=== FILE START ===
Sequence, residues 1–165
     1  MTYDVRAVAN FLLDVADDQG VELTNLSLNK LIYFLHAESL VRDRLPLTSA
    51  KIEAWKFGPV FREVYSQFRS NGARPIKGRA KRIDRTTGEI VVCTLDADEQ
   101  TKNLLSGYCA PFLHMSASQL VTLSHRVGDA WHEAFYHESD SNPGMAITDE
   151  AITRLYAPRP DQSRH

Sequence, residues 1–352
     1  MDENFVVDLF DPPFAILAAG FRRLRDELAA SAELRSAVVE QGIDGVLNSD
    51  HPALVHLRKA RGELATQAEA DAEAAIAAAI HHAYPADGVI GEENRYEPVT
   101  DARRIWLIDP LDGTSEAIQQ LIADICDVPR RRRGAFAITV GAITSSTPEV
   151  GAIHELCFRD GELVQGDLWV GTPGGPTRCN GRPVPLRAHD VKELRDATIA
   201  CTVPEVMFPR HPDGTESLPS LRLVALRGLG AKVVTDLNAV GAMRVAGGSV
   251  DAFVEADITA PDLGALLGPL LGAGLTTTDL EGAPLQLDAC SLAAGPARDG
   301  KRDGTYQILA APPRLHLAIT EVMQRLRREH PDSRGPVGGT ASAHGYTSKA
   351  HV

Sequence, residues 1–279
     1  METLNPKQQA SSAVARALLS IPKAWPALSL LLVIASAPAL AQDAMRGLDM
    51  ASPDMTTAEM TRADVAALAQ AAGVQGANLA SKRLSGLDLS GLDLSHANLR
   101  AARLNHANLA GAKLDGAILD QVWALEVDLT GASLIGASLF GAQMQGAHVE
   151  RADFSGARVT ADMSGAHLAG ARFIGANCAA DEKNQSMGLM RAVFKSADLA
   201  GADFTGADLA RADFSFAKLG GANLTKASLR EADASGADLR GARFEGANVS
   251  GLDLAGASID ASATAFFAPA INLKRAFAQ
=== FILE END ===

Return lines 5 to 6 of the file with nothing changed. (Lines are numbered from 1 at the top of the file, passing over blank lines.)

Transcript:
   151  AITRLYAPRP DQSRH

Sequence, residues 1–352